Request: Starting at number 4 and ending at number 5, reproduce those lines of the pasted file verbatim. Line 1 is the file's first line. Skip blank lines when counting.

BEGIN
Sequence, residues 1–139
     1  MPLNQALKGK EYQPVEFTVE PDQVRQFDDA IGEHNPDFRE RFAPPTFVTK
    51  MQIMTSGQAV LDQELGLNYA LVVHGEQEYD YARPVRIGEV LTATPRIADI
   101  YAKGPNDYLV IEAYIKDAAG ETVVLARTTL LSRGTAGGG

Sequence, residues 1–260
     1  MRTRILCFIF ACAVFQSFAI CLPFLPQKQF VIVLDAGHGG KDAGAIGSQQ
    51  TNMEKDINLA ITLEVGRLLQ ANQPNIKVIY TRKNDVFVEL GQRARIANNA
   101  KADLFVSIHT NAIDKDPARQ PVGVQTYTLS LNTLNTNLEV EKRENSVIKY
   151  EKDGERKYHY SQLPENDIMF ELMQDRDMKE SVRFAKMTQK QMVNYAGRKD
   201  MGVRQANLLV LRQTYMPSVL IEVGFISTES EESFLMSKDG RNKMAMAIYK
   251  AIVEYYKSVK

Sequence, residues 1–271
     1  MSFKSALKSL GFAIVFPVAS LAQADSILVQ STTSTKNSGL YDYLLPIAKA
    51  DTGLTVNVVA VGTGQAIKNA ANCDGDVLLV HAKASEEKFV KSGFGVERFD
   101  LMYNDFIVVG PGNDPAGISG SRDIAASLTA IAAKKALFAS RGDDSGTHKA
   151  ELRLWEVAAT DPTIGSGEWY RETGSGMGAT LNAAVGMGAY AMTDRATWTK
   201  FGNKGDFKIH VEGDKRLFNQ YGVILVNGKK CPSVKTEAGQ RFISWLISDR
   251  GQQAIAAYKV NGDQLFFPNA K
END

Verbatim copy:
   101  YAKGPNDYLV IEAYIKDAAG ETVVLARTTL LSRGTAGGG

Sequence, residues 1–260